SEOUL, March 26 (Xinhua) -- Chinese President Hu Jintao met South Korean President Lee Myung-bak Monday in Seoul to discuss bilateral ties and other issues of common concern.
The two leaders are meeting on the sidelines of the Nuclear Security Summit slated Monday and Tuesday in Seoul.
In his remarks at the start of the meeting, President Hu wished the Summit a great success.
He noted that since the two countries established diplomatic ties 20 years ago, the two sides have conducted smooth communications and exchanges.
Over the past 20 years, the bilateral economic and trade cooperation have been continuously expanded, people-to-people exchanges and cooperation in other areas have increasingly flourished, and the two sides have also kept close communications and coordination on multilateral issues, said Hu.
This is the tenth meeting between the two leaders over the past four years and the second between them this year. In January, the South Korean president visited China and held talks with President Hu on the development of bilateral ties.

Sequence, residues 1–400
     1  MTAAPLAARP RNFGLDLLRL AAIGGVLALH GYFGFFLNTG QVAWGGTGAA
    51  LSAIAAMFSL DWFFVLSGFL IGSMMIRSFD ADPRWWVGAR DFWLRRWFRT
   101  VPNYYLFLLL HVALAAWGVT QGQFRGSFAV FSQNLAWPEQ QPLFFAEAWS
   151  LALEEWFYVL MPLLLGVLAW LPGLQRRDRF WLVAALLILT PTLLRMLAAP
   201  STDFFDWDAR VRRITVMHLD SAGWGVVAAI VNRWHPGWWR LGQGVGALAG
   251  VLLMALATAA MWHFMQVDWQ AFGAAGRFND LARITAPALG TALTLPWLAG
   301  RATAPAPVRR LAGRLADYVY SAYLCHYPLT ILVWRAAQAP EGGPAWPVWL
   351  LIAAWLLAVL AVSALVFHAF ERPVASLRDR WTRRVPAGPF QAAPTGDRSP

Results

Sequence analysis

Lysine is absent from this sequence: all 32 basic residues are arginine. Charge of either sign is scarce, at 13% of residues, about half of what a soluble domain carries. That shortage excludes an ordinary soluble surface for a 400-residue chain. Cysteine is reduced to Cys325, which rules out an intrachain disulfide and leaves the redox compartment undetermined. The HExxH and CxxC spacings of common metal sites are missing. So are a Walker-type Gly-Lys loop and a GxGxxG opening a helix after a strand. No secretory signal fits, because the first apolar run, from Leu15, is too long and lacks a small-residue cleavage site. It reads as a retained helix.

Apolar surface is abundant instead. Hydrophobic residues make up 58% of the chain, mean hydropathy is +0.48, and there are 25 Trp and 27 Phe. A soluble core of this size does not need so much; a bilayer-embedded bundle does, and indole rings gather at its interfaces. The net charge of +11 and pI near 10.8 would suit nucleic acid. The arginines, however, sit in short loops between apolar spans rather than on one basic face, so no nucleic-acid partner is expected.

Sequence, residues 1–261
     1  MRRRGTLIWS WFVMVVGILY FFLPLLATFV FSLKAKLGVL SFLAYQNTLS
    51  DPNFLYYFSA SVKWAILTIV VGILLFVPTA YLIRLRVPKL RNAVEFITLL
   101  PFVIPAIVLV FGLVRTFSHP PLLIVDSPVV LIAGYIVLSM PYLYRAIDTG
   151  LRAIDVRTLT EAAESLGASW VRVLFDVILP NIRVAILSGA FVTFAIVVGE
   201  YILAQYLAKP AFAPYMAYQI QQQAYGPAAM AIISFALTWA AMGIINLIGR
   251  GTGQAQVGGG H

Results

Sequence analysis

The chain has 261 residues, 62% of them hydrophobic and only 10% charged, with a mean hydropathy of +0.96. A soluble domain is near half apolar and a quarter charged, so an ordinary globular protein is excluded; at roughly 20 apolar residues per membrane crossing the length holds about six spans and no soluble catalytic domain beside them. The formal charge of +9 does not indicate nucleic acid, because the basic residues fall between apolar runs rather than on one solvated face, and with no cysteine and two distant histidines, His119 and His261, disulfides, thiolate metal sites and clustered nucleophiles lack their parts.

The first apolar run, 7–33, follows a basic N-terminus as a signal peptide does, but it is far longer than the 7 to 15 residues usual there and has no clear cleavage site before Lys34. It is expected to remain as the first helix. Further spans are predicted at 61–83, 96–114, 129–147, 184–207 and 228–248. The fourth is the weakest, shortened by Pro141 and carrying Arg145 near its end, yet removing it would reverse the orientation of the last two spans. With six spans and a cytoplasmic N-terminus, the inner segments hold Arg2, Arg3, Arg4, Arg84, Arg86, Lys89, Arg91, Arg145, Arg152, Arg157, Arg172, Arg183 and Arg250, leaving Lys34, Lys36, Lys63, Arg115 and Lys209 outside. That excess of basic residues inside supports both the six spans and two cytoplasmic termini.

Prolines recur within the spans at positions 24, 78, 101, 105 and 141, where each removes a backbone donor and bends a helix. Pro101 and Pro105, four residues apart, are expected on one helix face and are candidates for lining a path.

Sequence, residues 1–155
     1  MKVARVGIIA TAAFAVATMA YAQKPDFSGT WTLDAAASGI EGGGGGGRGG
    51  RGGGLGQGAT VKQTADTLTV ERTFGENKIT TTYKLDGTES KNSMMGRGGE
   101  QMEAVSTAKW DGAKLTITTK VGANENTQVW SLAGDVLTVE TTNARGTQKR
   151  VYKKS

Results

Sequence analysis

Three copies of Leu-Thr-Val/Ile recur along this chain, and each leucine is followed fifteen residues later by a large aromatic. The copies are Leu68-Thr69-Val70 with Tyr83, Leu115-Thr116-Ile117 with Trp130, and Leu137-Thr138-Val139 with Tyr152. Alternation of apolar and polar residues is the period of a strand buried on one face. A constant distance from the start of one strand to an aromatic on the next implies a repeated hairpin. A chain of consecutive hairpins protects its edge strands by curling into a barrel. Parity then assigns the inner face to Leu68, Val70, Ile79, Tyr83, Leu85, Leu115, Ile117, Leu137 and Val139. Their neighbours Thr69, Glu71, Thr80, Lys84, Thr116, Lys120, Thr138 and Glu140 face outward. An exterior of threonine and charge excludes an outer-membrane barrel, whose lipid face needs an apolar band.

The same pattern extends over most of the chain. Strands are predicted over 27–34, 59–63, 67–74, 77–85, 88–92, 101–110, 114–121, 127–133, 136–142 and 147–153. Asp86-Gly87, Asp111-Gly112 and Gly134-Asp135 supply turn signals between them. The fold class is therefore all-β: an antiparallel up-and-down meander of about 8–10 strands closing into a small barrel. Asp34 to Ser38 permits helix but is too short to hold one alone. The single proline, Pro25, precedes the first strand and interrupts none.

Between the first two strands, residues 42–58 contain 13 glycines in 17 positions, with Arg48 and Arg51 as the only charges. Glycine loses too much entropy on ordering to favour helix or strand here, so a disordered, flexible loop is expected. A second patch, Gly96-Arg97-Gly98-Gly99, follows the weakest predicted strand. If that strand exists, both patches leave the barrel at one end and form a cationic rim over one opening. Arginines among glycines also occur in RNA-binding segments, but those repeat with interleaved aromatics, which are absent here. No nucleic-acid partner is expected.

Hu also said President Lee's January visit to China was a good start to the Sino-South Korean relations this year.
For his part, Lee expressed his thanks to President Hu for his participation in the Nuclear Security Summit, saying that China had played an important role in making the summit a great success.
He said that relations between the two countries have greatly improved since they established diplomatic ties 20 years ago.
Since the two sides established the strategic cooperative partnership in 2008, bilateral cooperation in economy, trade and various other spheres has rapidly developed, he noted.
While stressing that there was huge potential for bilateral pragmatic cooperation in more areas, the South Korean leader said that the further development of relations between South Korea and China would contribute greatly to the maintenance of peace in Northeast Asia and the whole world.
Lee also expressed his belief that the pending issues and disputes between the two sides could be overcome through cooperation.
The past 20 years have seen expanding cooperation and exchanges between China and South Korea in areas such as politics, trade and culture, as well as good communication and coordination on international and regional affairs.
In 2011, two-way trade between the two countries was recorded at 245.6 billion U.S. dollars, an increase of 18 percent over the previous year.
The two countries are making joint efforts for the realization of bilateral trade of 300 billion U.S. dollars in 2015.